The reason Komodo doesn’t support Zend’s debug api is because Komodo isn’t just a PHP IDE. (Okay, Shane is off the hook.) But is it really hard for XDebug to implement a layer to support Zend’s protocol, Derek? Many developers already use Zend Studio, and I like your XDebug. As far as I’m concerned Zend Platform is just a convenient way of getting PHP up and running with code caching and compiler optimization.

That’s my opinion. Feel free to prove me wrong. I don’t really care except that this shit is keeping me and the developers here from getting their shit done.

And talking about Java…

Going back to Lukas’s article I was amused by all the attempts by some people with huge chips on their shoulder to steer the conversation toward Java. Lukas is a PHP developer talking about PHP debugging and your solution to everything is to “Java ru1eZ U PHP boyz.”

Too bad they assume that there aren’t PHP developers who don’t know Java, look toward the Java world, or respect the ideas there, or have a healthy dose of humility about what goes on there. The difference is we take what we need (or are able to take) and don’t pretend Zend’s tools are as refined as IBM’s. On the other hand, we don’t pretend that we are a better way of solving the web problem—we know it. That’s why the list of consumer-facing internet websites are a mile long and their metrics are so large that I drown in a wealth of “in your face” examples: Yahoo!, Wikipedia, WordPress, SugarCRM, Digg, Flickr…” Ouch!

Maybe if you tried to figure out why those guy chose PHP instead of lecturing us that we all should be using J2EE (because of hibernate, struts, servelets, jsp connection pooling, or whatever flavor-of-the-month you’re spouting this week), you’d figure out why I’m laughing at you right now.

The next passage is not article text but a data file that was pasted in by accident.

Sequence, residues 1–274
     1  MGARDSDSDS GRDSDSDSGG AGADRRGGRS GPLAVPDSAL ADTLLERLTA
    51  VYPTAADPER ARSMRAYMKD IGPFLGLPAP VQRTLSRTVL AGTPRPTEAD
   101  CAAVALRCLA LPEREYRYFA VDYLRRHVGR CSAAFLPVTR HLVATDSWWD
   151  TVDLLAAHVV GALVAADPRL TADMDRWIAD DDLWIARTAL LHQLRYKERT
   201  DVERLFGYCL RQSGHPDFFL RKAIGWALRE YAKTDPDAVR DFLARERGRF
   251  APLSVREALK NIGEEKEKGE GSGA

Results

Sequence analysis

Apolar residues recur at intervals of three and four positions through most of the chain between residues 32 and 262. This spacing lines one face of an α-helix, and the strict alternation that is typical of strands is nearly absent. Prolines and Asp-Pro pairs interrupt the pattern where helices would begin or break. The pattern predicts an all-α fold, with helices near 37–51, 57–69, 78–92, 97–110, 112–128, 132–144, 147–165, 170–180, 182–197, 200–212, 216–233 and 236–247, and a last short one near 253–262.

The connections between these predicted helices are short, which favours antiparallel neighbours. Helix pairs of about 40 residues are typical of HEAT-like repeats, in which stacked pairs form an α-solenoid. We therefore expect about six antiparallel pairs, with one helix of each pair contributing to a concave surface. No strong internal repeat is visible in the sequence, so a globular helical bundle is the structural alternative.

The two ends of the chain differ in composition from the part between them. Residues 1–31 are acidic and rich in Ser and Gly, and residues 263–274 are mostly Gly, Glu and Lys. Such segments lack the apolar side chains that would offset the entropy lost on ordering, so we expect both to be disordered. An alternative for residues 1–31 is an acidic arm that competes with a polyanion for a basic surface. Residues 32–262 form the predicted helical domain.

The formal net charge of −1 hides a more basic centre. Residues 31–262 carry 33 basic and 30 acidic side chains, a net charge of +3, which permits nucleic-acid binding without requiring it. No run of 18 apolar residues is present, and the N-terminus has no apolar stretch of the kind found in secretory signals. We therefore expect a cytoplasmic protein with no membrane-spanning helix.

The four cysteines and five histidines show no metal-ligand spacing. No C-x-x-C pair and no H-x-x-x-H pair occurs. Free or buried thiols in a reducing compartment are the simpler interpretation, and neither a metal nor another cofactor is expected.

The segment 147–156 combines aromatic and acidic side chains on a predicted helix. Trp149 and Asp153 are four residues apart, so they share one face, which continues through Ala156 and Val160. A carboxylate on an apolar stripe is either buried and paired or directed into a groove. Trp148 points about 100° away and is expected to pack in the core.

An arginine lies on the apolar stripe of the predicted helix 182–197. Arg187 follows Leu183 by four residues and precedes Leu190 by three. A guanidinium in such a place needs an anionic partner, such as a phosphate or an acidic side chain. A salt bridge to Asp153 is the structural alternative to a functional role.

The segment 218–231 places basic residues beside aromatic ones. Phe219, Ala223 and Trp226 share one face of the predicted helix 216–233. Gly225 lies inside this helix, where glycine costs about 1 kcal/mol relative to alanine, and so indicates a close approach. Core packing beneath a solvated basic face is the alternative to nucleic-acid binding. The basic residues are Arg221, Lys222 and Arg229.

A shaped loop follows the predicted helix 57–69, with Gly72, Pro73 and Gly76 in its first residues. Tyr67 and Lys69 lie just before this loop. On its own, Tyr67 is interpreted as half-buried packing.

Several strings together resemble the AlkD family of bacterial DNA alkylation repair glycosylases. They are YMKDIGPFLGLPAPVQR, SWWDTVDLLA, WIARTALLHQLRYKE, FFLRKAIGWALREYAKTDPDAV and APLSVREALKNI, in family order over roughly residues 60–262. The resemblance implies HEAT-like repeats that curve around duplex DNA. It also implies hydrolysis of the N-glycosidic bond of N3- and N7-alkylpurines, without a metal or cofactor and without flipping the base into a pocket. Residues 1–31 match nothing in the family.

And talking about Zend…

Hmm, I thought I was the only guy who was allowed to piss on Zend?

(Speaking of which, I said I would speak there only if you asked everyone else you did the same thing too and offered them a my spot to them. You assured me there was nobody else, but there was one other you did it to. I found out this at the conference. Hint: the person trumps me.)

So let me correct a few things from Lukas’s commentariat.

First, Zend Framework is BSD licensed. It’s not embrace, extend, and destroy. My trepidation with using it has nothing to do with the license and people shouldn’t spread that sort of FUD around, that sort of thing hurts all the developers who created, promote, and use ZF. Even if I have my reasons for being none of those people.

Second, Zend Core may be closed-source, but Zend Engine is not. Some of you are confusing the two. Back in the old days, Zend Core didn’t include the full compile and was called Zend Optimizer and Zend Accelerator. We didn’t cry that that shit wasn’t in PHP and we were too cheap to pay. Take a look at where PHP is going with 6 before you fear that the PHP world, for one, is welcoming our new Zend overlords.

I’m not a Zend fan (just ask anyone at Zend). But look what they do. If you want to prevent them from making a buck, take off the tin foil hat and try to compete with them instead of spreading lies you’ve been told. Personally, I feel that skirmishing with the Java zealots is only fun when they venture into my field of expertise where I can bitch slap them back home to their starship enterprise.

Live long and prosper, biatch!